Summer brings with it many pleasures, such as outdoor concerts, afternoons at the beach, leisurely picnics, and walks in parks. Along with all that outdoor splendor are seasonal realities that, if you’re not careful, can spoil summer fun. Here’s how you can protect yourself.
Protect Skin from Head to Toe
You’ve heard it all before: Wear sunscreen every day, apply at least 15 minutes before you go out, even if you’re going to be in the shade. But, do you really heed those instructions? Perhaps you’ve accepted that the damage is done so there’s no need to further protect your skin. But, be aware.
“Everyone should use photoprotection, including sunscreens,” says dermatologist Lorraine Young, MD, UCLA Medical Center.
WHAT YOU CAN DO
Elderly people are at the highest risk for heat-related illnesses, according to geriatrician Grace Chen, UCLA Medical Center. Here are a few of her tips for staying cool when the heat in on.
- Take cool showers or baths, if possible, to bring skin temperature down.
- Avoid using the stove and oven to cook, as it makes your home and you hotter.
- Stay updated with weather forecasts from local news agencies to know when excessive heat warnings are in effect.
- Drink even when not thirsty. Elderly people often have impaired thirst mechanisms. Water is best.
Protecting your skin includes selecting proper outdoor clothing, wearing sunglasses that block UV rays, and applying a broad-spectrum sunscreen of at least 30 SPF. Broad-spectrum sunscreen protects skin against photo (light) damage and rashes caused by sun exposure. Choose hats with a brim wide enough to shade your face, ears, and back of the neck. Tightly woven caps, such as canvas, provide more protection than straw hats with holes. Some clothing (swim shirts, sun shirts, dresses and more) may be UV-protectant: Look for the Skin Cancer Foundation’s Seal of Recommendation. The density of fabric weaves can also protect somewhat. For example, a dark denim shirt provides more protection than a white cotton T-shirt provides.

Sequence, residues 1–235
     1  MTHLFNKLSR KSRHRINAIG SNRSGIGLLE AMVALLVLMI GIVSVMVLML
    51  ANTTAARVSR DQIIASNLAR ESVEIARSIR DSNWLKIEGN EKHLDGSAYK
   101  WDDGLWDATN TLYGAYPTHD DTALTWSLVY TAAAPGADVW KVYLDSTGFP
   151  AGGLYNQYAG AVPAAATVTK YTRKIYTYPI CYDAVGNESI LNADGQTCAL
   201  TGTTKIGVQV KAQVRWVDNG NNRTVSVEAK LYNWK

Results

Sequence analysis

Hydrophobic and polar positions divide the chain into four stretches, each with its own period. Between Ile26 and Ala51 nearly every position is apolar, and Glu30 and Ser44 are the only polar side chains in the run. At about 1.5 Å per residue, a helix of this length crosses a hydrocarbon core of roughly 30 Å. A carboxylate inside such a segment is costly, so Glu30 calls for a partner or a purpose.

Keep Yourself Cool
Heat rash has many names, but no matter what it’s called, it’s an inflammation of the skin caused by blocked sweat glands. The most common places for the rash to appear are creases in the skin, such as the armpits, neck, and groin, where skin rubs against adjacent skin. To reduce the risk of heat rash, wear breathable loose clothing that wicks moisture and dries quickly. Also, don’t use oil-based skin products, as these can block pores.
“Heat rash, also called miliaria, is best treated and avoided by using a cool fan and not lying in bed for long periods of time,” says Dr. Young.
- Clear heat rash (miliaria crystallina) looks like small, clear beads of sweat on top of the skin. It is the mildest form and usually doesn’t cause much discomfort.
- Red heat rash (miliaria ruba) is also called “prickly heat” because it itches and burns.
- Deep heat rash (miliaria profundal) is the least common form and is caused by chronically inflamed sweat glands. In this more severe case, deeper layers of the skin are affected, and the rash may appear as large, firm bumps.
- Over-the-counter, anti-itch creams containing calamine, menthol or camphor may help relieve symptoms. If a yellow or white rash appears, it could be a sign of an infection and should be checked out by a doctor.
A Life-Threatening Condition
Poor blood circulation, inefficient sweat glands, high blood pressure and some medications (e.g., diuretics, tranquilizers) can reduce sweating. When sweating can’t cool you down, you are at risk for hyperthermia, which can lead to several conditions, from mild to life threating.
- Heat cramps are a painful tightening of muscles in the stomach, arms, or legs. Find relief by drinking fluids and cooling your body.
- Heat edema creates swelling in the feet or ankles. Remedies include drinking fluid and elevating your legs.
- Heat exhaustion has a number of symptoms, including feeling dizzy, thirsty, uncoordinated and nauseous, cold, and clammy. Drink plenty of fluids, and rest in a cool place. Left unaddressed, heat exhaustion can lead to heat stroke.
Heat stroke is a life-threatening condition in which body temperature may quickly rise above 106° F. Symptoms include dry skin, a rapid, strong pulse, dizziness, disorientation, nausea, and confusion. If you see any of these signs, get medical help right away. Apply cold compresses, find a cool place, and call 911.
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